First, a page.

Tuesday, 29 May 2018

3 Reasons Why Retail Investors Find it Hard to Cut Loss

There is this investing words-of-wisdom in Chinese: 会买的是徒弟,会卖的是师傅。Essentially it means it is relatively easy to buy a share, but when to sell is much trickier. Buying is like elementary school level, but selling may be a high school level manoeuvre.

What about selling a loss position, ie cut loss? What level does is it? PHD?

While I have no answer for that, I do have some opinions on reasons that make most retail investors not willing to cut-loss.

It Will Come Back Up Again
Perhaps this is due to the old adage, or common belief that, over the long term, stock market always go up. But the thing is while the whole market tends to move up, there are some shares that just languish and never rise back up again.

Now there are many reasons that investor bought a landmine stock. Most common reason could be error in stock analysis. Fundamentals wise, perhaps the company is in a sunset industry, or its fundamentals deteriorate and it stops growing. Or it could be due to market reasons such as short-seller attack etc.

So investors in this situation hope that the broad statement will apply to their stock. But unfortunately investing does not really work on basis of hope and hope can be an expensive word here.

We can't accept broad sweeping statement (like above) blindly and apply them to our loss-making positions. Market tends to move up over time no doubt. But market has a self-correcting mechanism in place, as new, stronger companies emerge and join the stock market. But individual stocks is different. Their share price will under-perform, if company fundamentals turn bad.

Cutting Loss Means Losing Money
I came across investors who are surprised at my decision to cut-loss. 'That means losing money isn't it!', they exclaimed.

I believe there is a mental barrier here that treats cutting loss as against the very basic of goal of investing: to make money. And cutting loss means the exact opposite - take the loss,  which is like a cardinal sin of investing which they find it next to impossible to swallow.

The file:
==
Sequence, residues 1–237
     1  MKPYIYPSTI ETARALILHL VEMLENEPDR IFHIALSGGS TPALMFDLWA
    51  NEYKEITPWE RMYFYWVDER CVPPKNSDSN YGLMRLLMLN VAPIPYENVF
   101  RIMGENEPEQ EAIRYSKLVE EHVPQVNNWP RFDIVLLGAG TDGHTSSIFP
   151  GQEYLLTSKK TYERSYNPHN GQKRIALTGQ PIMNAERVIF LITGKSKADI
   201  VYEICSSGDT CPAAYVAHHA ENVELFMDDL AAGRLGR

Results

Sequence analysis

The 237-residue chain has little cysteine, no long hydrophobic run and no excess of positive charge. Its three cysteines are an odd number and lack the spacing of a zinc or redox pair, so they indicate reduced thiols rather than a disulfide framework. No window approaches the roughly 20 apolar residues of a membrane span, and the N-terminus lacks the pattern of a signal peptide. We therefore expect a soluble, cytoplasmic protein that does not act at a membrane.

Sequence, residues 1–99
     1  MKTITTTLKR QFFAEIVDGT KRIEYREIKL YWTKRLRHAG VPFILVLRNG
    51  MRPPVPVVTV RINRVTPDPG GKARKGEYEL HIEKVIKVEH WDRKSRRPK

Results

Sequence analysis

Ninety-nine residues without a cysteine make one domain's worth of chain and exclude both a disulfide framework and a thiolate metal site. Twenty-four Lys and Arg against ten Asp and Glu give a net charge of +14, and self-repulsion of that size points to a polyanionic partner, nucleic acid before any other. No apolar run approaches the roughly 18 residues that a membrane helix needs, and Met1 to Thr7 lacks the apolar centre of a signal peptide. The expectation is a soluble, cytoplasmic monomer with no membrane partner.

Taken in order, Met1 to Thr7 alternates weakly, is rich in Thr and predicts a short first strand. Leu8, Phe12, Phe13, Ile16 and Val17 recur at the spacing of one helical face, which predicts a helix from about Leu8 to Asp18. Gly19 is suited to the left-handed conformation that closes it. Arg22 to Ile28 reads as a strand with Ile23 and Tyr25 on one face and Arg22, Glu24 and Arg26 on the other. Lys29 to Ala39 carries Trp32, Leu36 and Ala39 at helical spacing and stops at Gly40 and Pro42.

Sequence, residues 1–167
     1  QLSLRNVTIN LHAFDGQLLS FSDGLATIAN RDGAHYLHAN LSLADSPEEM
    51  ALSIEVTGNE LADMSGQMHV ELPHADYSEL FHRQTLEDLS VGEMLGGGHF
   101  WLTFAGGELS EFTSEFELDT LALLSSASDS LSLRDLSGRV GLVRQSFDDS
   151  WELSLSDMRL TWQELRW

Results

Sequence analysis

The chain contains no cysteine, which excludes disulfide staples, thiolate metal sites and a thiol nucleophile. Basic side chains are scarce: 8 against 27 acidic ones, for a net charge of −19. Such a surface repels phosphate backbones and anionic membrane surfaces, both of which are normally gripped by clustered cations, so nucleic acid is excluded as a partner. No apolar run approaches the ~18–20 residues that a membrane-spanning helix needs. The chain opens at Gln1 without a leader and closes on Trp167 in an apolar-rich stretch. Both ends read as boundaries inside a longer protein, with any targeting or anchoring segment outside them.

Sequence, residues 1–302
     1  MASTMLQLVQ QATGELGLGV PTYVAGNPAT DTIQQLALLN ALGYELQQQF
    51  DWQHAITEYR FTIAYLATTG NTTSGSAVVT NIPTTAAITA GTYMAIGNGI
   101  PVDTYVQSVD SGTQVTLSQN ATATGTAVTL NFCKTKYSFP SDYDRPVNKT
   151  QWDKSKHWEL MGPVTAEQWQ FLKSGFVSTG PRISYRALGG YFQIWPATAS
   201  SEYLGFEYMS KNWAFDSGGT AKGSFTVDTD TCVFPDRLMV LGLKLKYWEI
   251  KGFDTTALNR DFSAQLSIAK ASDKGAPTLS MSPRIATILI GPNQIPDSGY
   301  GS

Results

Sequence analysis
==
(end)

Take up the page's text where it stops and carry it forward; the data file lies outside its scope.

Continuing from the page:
So to avoid losing money, they hold. But if a company is rotting from the inside, its share price keeps falling, there is no reason of holding on to an ever-shrinking position.

Nope, hope (first point), or paper loss is not real loss, are not reasons.

How to deal with this? Firstly, recognise that every single investor makes mistake. Even Warren Buffet bought wrong stock and cut loss too, such as his stake in IBM, and $440m loss over Tesco.

Second, accept that losing money is part of investing. What matters is to limit our losses, and let the winning positions run.

I run the risk of providing 'un-actionable' advice here. But fact is cutting losses is never a matter of method or there is some practical ways to do that consistently. It has got to do with your mind largely. We just have to adjust to the right frame of mind, and do it.

Investors View Their Holdings Individually Not As a Portfolio
The last reason is framed at a higher level of portfolio management, instead of pertaining to individual stock or mindset.

I always emphasise on building a portfolio, a basket/collection of different type of stocks. When it comes to decisions such as buy, sell, add, reduce, cash level, they are to be done at a portfolio level. It helps investors to be less myopic about individual stock in a losing position, as overall, the portfolio are in the green, and perhaps giving out good dividends.

And when you look at the profit/loss, look at the grand total - last line of your portfolio table. The percentage there, is much easier to stomach for investor. Focus less on the profit/loss of each line item.

If one does not have a portfolio per se, or is too obsessed with treating each share holdings in silo instead of part of the bigger, more strategic picture, he would be un-willing to cut loss. Then this becomes a case of missing the forest for a tree.

Worst thing is the loss position keeps snowballing and exceed the total profit of all other holdings. Then that is truly unfortunate.

Want to find out more about how to builds a resilient portfolio of stocks? Sign up for my next sharing here

Other topics I will cover include various instruments suitable for retail investors, how to determine quickly the quality of selected stock and ways to safeguard your profit and protect your assets. 

1 comment:

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